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The Lure of the Community Approach

I recently announced the fundraising campaign for the Debian Administrator’s Handbook on Slashdot. To make it short, this project is about translating my French Debian bestseller (“Cahier de l’Admin Debian”) and then releasing this translation under a free license (provided that the liberation fund reaches 25000 EUR).

Crowdsourcing vs crowdfunding

The news attracted quite a few comments questioning the approach and the amount of money requested.

They’ve got it backwards: liberate then translate

Those commenters don’t want to pay to have someone else do the work, they want me to liberate the book and hope that the community will do the translation work (this is crowdsourcing).

They want to get the free (as in freedom) book for free (as in beer). It sounds so nice on the paper:

Put the French version of the book under a suitable license under Git somewhere, and watch the work unfold before you.

Besides the fact that this is not possible because I do not own the rights on the French version, this is a lure that doesn’t give the expected result in practice. We want a book that is consistent in the style and in the vocabulary. We want it translated by people that are knowledgeable about the topics so that they can take the liberty to reformulate when needed without fearing to introduce a mistake.

Even if we had multiple good translators, coordinating the work between all benevolent translators and reviewers is a job in itself. Precisely because they’re benevolent, you can’t expect them to follow any predefined schedule.

I have been in the free software community for more than 13 years and I got more than enough “offers of help” that were never followed through. I don’t want to take the risk of letting this project fall on the wayside… so I prefer the crowdfunding approach where I am sure that Roland and I will do the work provided that we have the means to do it.

Crowdfunding does not necessarily mean “donation” and “plea for money”, there are various rewards that you can get when you support this project. The basic reward is a copy of the ebook, but there’s also the paperback and even a one hour mentoring session with me among many others. To sum it up, this is a simple offer: if enough persons are buying the book, it gets done and maybe even freed.

The goal is more than reasonable, 2500 persons putting 10 EUR each in the liberation fund (about the mean price of an ebook on Amazon) and we have reached the target, and everybody gets a copy of the free ebook. Did you pledge your 10 EUR?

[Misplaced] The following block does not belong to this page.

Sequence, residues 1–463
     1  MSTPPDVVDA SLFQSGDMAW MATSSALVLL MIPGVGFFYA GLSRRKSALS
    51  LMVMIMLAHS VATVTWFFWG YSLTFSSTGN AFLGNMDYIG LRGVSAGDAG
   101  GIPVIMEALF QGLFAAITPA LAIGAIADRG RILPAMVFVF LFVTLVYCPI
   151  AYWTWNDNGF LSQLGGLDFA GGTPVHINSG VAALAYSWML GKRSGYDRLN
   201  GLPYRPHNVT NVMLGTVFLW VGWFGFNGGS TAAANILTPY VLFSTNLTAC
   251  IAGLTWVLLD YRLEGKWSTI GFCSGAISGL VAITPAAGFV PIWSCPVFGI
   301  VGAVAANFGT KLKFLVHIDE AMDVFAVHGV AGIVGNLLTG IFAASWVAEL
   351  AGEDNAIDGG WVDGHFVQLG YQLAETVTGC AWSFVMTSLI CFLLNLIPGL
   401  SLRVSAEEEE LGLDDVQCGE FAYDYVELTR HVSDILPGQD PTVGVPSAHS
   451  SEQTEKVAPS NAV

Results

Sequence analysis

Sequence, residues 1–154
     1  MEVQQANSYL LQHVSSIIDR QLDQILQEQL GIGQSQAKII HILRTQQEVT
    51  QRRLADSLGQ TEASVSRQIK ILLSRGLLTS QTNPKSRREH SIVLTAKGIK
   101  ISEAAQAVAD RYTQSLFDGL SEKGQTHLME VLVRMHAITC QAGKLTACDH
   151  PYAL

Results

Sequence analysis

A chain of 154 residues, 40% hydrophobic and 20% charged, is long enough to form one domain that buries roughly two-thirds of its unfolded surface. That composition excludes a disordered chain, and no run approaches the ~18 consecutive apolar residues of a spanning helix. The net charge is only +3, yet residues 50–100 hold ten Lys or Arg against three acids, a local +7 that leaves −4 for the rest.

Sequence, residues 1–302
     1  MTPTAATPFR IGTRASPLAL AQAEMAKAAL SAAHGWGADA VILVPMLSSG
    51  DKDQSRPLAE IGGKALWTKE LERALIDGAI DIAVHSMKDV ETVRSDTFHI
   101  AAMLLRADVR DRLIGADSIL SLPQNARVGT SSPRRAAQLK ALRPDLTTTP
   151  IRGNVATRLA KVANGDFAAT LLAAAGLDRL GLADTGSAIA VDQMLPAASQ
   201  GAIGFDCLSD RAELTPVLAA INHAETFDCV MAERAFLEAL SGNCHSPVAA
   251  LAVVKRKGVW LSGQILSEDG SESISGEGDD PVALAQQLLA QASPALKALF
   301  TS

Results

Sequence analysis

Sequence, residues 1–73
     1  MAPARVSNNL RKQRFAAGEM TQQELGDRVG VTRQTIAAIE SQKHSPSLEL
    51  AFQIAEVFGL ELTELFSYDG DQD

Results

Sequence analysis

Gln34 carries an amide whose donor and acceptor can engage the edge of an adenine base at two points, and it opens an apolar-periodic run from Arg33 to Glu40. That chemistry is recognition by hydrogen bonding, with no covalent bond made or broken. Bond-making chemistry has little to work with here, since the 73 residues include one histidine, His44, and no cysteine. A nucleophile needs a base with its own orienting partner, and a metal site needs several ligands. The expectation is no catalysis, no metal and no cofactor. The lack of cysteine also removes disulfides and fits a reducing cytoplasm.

Money vs community

Some people believe that because this project is about producing a free book, there’s only one way to do it: collaboratively within the community.

I don’t agree with this premise. Roland and I are part of the community and it’s not because we might be paid for this project that this changes anything about the real nature of the project. After all, Linus Torvalds is paid to work on Linux and nobody will claim that Linux is not a true free software project.

This logic also hinders the progress of free software because there’s much more free software work to do than resources (in human-hours) available to complete this work. So the more free software work we can fund, the more free software will be produced.

To the people who are seeing this project as a dreadful “moneygrab”, let met say that it has always been my hope that this fundraising will be so successful that there will be money left to also fund my Debian work for a few months. I have been trying to get my dpkg work funded but it’s not easy. As a Slashdot commenter puts it:

Honestly, people rather donate for end-user applications. I’d expect FSF to finance basic infrastructure projects.

Unfortunately, nobody funds the work on dpkg. RedHat pays 2 people for RPM but for dpkg there are only 2 benevolent maintainers (and hundreds of bug reports in the backlog). Up to now my best “sponsor” has been my French book, the royalties that I earn each year cover between 1 and 2 months of my time.

In the end, whatever you think of this project, it’s at least an honest deal: you buy a good Debian book (check the reviews!) for a reasonable price (min 5 EUR), and if enough persons buy it, it gets freed!

Don’t hesitate any longer, click here to grab a copy!

PS: Thank you to OMG! Ubuntu!, they are supporting this project: you can follow the progress of the fundraising with the dedicated widget in the sidebar.

PPS: Even if you’re using exclusively Ubuntu, this book can be extremely valuable if you want to master the Debian technologies (e.g. dpkg, APT) that are powering your Ubuntu workstation, if you want to go further than just the graphical interface and if you want to administer your own server. Check out the table of contents.